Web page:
With misinformation lurking around nearly every corner of the internet, researchers across the country are working to rehab the image of bats in the face of the COVID-19 pandemic.
Barry Genzlinger runs the Vermont Bat Center and has been rehabbing bats for about a decade.
"Bats are nature's absolute best pest controller for nighttime pests," he explained.
While he has a personal love for bats, Genzlinger understands why not everyone loves these mammals.
"Hollywood has convinced us that bats are scary, evil, they attack humans. When in reality, they are just the cutest darn thing," Genzlinger said.
Genzlinger's goal these days is to keep bats from catching coronavirus. Every single bat he rehabilitated this winter got a nose swab, just like us humans.
Researchers across the country are doing similar testing. Those swabs are then sent to Tufts University to be analyzed. So far, none of Genzlinger’s bats have tested positive for the virus. But the concern is that if one bat has COVID-19, it could infect an entire colony.
"It’s not so much that people in North America are concerned about getting COVID from our bats, it’s the other way around. We are concerned about giving COVID to bats that have never been exposed to it," he said.
COVID-19 has not done the image of bats any favors. The origin of the virus is not confirmed, but some studies indicate it originated from similar viruses found in bats in the Eastern Hemisphere.
In an effort to rehab the image of bats during this pandemic, scientists like Sarah Strew have been hosting a series of online clinics. The goal is to remind folks and educate them about the good bats do for the environment.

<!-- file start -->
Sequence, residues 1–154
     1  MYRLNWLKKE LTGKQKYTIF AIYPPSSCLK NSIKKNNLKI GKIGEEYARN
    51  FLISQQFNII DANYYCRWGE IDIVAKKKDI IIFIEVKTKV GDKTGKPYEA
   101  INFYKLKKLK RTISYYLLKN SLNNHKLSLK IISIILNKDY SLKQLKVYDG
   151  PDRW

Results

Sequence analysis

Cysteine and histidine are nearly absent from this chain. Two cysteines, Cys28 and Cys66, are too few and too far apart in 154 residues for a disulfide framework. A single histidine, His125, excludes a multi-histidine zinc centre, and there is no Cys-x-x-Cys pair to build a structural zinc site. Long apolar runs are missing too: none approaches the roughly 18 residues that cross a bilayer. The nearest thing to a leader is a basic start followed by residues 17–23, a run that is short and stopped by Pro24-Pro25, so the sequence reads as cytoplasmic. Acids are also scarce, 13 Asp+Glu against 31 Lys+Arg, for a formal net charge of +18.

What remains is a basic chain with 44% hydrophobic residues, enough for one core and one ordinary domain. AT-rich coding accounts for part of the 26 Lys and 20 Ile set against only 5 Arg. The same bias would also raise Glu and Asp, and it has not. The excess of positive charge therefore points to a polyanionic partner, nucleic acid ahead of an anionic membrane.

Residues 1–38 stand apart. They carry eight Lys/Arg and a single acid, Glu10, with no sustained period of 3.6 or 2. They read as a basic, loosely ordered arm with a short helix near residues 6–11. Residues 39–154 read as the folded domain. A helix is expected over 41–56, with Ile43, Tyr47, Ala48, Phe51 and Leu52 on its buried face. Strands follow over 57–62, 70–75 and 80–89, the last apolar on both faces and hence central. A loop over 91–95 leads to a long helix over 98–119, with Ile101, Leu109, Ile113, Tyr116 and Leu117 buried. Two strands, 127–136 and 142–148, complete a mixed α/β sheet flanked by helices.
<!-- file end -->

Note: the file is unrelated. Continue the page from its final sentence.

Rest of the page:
"There just had been so much misinformation at the beginning of everything," said Strew.
Strew oversees programs at the Vermont Institute of Natural Science.
"We felt it was important and a way to peak people’s interests because it is something relevant to their lives right now. We’re all going through this together," she added.
There are an estimated 1,300 bat species worldwide, 47 of those species are located in the United States. Many species though are considered endangered because of disease, hunting or their habitats have been destroyed.
So far, evidence suggests that the risk is low that scientists could pass coronavirus to North American bats. But researchers across the country aren't taking any chances and are taking extra precautions to keep bats safe.
"The biggest takeaway is that we as humans are not separate from the natural world," Strew said.
It’s all in an effort to keep the sun from setting on this nation’s population of bats.